Tee'd off about benefits

National Post


A non-golfer beats the CRA at the taxable benefits game

With golf season in full swing, the issue of the taxability of golf club membership dues paid by an employer is once again teeing off. A tax case decided last month provides some guidance as to whether such dues are considered to be a taxable employment benefit.

Henry Rachfalowski joined Canada Life in 1998 as a vice-president, responsible for U. S. investments. As part of his executive compensation package he was offered a paid membership in a golf club of his choice.

Mr. Rachfalowski was not a golfer, so he asked Canada Life if he could instead have the cash equivalent of the initiation fee and annual membership fees or, alternatively, a free membership in a curling club.

Canada Life refused to grant either request, so he asked if he could decline the golf club membership altogether. He was told that it would "draw attention to himself and [he] would look like a maverick or a rebel."

So, Mr. Rachfalowski reluctantly accepted a membership in the Barrie Country Club. The initiation fee of $5,000 and annual dues of slightly more than $2,000 were paid by Canada Life.

In 2002, for the first time, Mr. Rachfalowski was required to pay tax on the annual golf dues paid for by his employer. He disputed this and it wound its way to Tax Court, where he argued that he should not have to pay tax on the $2,000 "benefit" as he "hated golf, could not golf and did not golf."

In fact, he only rarely used the club and when he did so, it was either for Canada Life staff events or to entertain business contacts on behalf of the company. As a result, he felt that the club membership was of no personal value to him and thus should not be included in his income as a taxable employment benefit.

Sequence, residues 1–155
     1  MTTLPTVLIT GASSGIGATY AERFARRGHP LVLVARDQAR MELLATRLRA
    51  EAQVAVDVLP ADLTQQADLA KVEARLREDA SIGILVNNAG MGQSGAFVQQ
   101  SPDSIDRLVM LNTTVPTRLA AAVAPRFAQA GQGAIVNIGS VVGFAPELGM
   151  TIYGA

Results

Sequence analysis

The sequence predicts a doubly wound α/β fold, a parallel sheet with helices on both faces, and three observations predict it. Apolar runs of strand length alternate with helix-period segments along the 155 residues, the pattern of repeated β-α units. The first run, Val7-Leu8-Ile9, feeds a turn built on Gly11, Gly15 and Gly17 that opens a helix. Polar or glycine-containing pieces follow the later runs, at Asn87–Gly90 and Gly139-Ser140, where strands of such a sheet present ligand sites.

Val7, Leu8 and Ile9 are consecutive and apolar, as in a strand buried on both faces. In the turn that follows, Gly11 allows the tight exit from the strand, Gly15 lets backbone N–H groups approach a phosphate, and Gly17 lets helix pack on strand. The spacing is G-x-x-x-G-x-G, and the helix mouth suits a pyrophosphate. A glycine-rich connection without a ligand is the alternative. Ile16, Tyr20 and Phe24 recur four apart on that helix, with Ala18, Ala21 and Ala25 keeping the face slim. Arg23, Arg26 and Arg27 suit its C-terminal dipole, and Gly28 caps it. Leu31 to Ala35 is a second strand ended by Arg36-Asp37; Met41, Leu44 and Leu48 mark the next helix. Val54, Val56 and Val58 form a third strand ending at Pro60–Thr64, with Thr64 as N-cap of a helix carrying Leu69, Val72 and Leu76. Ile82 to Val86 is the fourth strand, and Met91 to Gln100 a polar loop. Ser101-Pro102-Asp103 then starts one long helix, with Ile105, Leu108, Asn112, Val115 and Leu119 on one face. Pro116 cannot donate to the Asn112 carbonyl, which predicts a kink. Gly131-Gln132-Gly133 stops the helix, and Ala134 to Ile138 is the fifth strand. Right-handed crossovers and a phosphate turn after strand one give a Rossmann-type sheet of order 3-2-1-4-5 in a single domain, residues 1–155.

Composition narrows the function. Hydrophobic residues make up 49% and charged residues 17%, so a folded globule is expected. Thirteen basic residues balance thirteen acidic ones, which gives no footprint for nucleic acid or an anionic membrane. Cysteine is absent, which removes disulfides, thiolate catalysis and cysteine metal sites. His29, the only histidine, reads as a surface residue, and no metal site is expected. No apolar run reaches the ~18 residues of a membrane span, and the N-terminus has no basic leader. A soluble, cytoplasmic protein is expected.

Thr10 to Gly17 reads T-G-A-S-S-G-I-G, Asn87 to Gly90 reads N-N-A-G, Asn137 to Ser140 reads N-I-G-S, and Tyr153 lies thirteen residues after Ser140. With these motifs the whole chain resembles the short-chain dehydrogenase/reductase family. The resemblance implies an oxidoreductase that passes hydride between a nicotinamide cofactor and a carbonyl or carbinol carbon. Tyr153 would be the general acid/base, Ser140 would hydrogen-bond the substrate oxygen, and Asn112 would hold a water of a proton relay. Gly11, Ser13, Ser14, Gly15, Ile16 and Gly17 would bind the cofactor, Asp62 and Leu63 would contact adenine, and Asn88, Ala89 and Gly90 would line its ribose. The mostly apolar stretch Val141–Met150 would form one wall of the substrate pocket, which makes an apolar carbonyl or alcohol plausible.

Not surprisingly, the Canada Revenue Agency disagreed, arguing that since the golf club membership was provided as part of Mr. Rachfalowski's benefits package, it was a perk that provided him with an economic benefit.

Since there was no limitation on his personal use, he could use it any time he wanted; therefore the benefit of being a member was "something enjoyed by [Mr. Rachfalowski] and did not flow to [his] employer," the tax department argued, while insisting the full value of the membership should be a taxable benefit.

The case was heard by Chief Justice Donald George Hugh Bowman of the Tax Court, who is retiring next month. Judge Bowman narrowed the case down to one basic question: Was the golf membership that Mr. Rachfalowski received truly a benefit to him?

Employing his unique writing style, which will be sorely missed by the professional tax community after his retirement, Judge Bowman stated: "I do not think the employer's insistence that [Mr. Rachfalowski] join a golf club … is particularly attributable to paternalistic altruism."

The Judge concluded that Mr. Rachfalowski's membership in the golf club was primarily for the benefit of Canada Life, and thus should not be a taxable benefit. The CRA was ordered to reassess his claim accordingly.